1776 $1 Continental Dollar, CURRENCY, Pewter, Ornamented Date XF45 PCGS. CAC. ...
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Tied for the Finest of Three Known
A Landmark Opportunity
The ornament following the date is often described as a floriated cross, defined as an early ornamented Latin cross with the arms terminating in a flower design. Its sole purpose was to cover or mask an extra Y from its first die state with the misspelled CURRENCEY. When the die engraver finally noticed the error, after a few pieces were struck, he took steps to correct the obverse die. This meant that he had to carefully punch a Y over the errant E, making certain that he effaced as much of the E as possible, and then had to turn the extra Y into the ornament. Traces of the E can still be seen, especially between the two upper arms of the Y. It remains unknown why so few were struck. The reverse die was cracked, but continued in service with additional examples of Hodder 3-B. Perhaps the modification of the obverse die created some stress that caused the die to fall apart after only brief use.
This Choice XF specimen, the only one that has ever been certified, has even medium gray color with scattered surface marks that are entirely consistent with the grade. The strike is nicely centered, although the obverse and reverse borders are tight in places. This is an impressive piece and a landmark opportunity for the colonial specialist to acquire an extremely rare variety. Consider all of the important specialist collections, such as the John J. Ford, Jr. Collection, that never had an example of the Ornamented Date variety. Miss this opportunity and there is a strong probability of never acquiring the Hodder 4.1-B die marriage.
Summary of Known Examples
AU50 per the Norweb catalog. B. Max Mehl (privately, 1/11/1937); Norweb Collection (Bowers and Merena, 3/1988), lot 2458; New York Collection.
XF45 PCGS. Christies (11/1990), lot 241. The present specimen.
Fine. Waldo Newcomer; Col. E.H.R. Green; Burdette Johnson; later, Spink America (6/1997), lot 19.
Continental Dollar Die States and Production Order
Among many numismatic pleasantries is the determination of the order that a series of coins were produced, commonly called the emission sequence. For the Continental Currency coinage, several observations will assist the study. We know that just two reverse dies were used for the entire series with a convenient break that provides two distinct groups. Reverse A exists in three stages, so we can be certain that the varieties were struck in order as 1-A.1, 1-A.2, and 1-A.3. The obverse of 1-A.3 exists in a number of die states, so that sequence can be further fine tuned. The development of rust marks on the reverse of variety 2-A.3 informs us that it was the last variety produced with the first reverse die.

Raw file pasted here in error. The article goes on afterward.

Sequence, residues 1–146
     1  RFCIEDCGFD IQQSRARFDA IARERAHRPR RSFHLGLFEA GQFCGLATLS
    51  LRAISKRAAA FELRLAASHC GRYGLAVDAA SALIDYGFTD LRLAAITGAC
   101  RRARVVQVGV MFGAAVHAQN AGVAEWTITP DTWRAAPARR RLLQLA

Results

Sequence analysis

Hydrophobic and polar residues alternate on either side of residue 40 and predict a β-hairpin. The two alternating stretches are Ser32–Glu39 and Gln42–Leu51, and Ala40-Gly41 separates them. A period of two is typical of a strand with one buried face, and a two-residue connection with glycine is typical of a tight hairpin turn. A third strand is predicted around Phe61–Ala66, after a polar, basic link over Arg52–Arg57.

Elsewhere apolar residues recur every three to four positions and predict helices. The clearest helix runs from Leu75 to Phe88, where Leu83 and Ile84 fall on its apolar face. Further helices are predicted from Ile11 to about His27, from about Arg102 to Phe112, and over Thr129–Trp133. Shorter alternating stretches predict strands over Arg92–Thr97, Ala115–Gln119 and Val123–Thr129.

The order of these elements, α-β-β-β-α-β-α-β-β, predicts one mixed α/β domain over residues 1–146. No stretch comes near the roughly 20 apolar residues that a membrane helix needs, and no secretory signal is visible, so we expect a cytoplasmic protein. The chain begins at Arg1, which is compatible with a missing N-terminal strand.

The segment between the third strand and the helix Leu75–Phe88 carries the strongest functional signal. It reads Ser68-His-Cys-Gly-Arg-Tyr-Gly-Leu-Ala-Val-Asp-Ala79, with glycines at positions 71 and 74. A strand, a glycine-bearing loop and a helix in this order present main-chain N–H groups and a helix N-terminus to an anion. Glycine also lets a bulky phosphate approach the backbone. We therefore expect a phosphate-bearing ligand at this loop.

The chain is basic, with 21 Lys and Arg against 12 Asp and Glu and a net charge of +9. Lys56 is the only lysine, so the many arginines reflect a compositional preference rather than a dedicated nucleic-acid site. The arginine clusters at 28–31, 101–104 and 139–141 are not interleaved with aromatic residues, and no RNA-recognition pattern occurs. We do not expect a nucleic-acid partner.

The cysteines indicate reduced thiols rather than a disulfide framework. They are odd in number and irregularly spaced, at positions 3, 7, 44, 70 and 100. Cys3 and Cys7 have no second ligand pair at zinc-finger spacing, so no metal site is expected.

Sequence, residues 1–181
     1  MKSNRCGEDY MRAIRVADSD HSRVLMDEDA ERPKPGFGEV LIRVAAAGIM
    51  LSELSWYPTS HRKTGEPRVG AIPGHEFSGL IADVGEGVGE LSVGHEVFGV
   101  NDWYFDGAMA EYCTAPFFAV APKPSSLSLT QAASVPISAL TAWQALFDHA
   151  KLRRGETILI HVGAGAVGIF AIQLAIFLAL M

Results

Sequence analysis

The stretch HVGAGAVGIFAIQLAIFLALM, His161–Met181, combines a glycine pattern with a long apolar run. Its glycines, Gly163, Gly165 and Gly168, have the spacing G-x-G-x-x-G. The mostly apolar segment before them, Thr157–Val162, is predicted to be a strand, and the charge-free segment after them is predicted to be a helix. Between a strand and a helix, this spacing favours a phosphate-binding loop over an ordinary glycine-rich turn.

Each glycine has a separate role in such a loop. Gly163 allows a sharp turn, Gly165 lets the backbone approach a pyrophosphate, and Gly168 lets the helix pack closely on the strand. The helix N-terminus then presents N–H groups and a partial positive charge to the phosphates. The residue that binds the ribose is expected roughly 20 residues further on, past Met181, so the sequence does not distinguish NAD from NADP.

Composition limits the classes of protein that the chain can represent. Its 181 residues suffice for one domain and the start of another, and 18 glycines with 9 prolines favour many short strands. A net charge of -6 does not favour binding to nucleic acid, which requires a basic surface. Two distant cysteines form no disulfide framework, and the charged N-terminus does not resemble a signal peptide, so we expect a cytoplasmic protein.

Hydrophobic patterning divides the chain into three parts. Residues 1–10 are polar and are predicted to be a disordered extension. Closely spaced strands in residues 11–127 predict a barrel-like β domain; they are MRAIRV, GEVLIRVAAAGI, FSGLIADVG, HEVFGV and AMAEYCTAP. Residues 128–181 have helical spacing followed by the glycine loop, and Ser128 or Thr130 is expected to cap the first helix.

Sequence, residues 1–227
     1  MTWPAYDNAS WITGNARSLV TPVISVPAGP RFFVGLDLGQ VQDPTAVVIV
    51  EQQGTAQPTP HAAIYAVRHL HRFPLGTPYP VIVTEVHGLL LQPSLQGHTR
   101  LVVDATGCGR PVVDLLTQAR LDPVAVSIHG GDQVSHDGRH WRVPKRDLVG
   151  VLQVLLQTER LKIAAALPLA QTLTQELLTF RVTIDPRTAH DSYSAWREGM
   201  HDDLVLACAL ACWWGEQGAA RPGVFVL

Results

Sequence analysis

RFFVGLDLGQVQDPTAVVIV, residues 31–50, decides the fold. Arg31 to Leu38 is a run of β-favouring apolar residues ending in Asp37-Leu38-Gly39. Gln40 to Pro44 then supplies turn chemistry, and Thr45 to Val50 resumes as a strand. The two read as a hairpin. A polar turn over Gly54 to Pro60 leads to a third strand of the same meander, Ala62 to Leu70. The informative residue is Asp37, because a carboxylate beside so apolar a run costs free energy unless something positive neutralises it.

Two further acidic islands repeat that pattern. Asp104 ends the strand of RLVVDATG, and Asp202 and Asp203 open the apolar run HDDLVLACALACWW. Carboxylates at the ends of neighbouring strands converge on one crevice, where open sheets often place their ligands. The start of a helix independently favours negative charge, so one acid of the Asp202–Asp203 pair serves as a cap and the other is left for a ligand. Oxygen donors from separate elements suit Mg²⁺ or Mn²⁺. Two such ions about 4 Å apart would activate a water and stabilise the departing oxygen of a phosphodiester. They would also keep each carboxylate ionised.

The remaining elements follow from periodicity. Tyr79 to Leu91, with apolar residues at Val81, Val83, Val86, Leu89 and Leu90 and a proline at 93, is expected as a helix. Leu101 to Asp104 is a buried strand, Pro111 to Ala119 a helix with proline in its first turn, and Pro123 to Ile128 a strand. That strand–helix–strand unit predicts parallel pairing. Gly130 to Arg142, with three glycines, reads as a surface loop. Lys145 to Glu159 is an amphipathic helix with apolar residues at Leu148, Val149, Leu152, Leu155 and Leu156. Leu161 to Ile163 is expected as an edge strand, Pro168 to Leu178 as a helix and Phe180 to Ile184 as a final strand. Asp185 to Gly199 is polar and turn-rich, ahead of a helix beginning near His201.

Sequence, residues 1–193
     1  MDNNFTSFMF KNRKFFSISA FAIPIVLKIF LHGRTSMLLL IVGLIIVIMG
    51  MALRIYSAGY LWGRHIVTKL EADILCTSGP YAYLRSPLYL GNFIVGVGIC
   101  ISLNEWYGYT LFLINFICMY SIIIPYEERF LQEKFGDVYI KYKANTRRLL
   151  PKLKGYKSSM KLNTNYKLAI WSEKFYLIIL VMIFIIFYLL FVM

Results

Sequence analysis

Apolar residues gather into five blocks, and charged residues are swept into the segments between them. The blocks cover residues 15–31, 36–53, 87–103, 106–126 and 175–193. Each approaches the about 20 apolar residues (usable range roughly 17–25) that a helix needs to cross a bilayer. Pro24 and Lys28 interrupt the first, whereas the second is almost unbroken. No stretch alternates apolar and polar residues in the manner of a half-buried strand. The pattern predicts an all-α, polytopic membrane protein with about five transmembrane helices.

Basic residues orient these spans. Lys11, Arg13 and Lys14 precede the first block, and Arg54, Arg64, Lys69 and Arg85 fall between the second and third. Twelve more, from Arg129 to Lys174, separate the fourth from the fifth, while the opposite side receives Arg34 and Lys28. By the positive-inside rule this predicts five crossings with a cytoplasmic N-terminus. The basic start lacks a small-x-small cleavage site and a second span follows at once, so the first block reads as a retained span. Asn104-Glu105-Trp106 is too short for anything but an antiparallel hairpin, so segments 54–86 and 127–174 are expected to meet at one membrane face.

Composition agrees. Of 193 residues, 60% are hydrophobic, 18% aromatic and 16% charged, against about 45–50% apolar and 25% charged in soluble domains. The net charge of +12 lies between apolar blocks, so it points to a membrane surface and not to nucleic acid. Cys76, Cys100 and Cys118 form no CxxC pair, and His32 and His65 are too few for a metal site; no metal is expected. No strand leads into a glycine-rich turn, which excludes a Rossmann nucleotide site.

The second reverse was used to produce three varieties from two obverse dies. This reverse has a prominent die crack curving through many of the rings, and stages of the crack help us determine the striking order. On variety 3-B, the crack begins in ring 13 (Georgia) and continues clockwise through eight additional rings, terminating in the Delaware ring. Two examples variety 3-B in the present sale are entirely different die stages. The PCGS MS64 example is in the die stage just described, while the MS63 NGC piece is a much earlier die stage with an intermittent crack that misses some of the rings. The Ornamented Date coin, variety 4.1-B, is in a similar stage with the earlier state of 3-B. Michael Hodder studied the die states extensively, and determined the emission sequence of the second group as 3-B, 4-B, 3-B, 4.1-B, and 3-B.
A further complication in the development of an emission sequence is where to put the off metal brass and silver pieces. The brass pieces were struck before and simultaneously with the pewter coins. The silver pieces from Reverse A were coined between intermediate and late states of 1-A.3, and the silver pieces of Reverse B were coined simultaneously with the first pewter examples of variety 3-B.
The two groups of varieties are unconnected, meaning there is no single obverse die that was used with both reverse dies. Hodder pointed out that there is no common punch used on both reverse dies. However, the geographical relationship of the rings on the blundered Reverse A, and the corrected Reverse B almost ensures that Reverse A was used first. The emission sequence of the Continental Currency coinage follows closely the sequence that Hodder presented in his 1991 article.
Group One - Reverse A
Sequence Hodder Newman Composition Comments
1 1-A.1 1-A Brass
2 1-A.2 1-B Brass and Pewter
3 1-A.3 1-C Pewter Early and Intermediate States
4 1-A.3 1-C Silver Intermediate State
5 1-A.3 1-C Pewter Intermediate and Late States
6 2-A.3 2-C Pewter
Group Two - Reverse B
7 3-B 3-D Pewter and Silver
8 4-B 4-D Pewter
9 3-B 3-D Pewter
10 4.1-B 5-D Pewter
11 3-B 3-D Pewter
From The Collection of a Patriotic American. (PCGS# 797)
Service and Handling Description: Coins & Currency (view shipping information)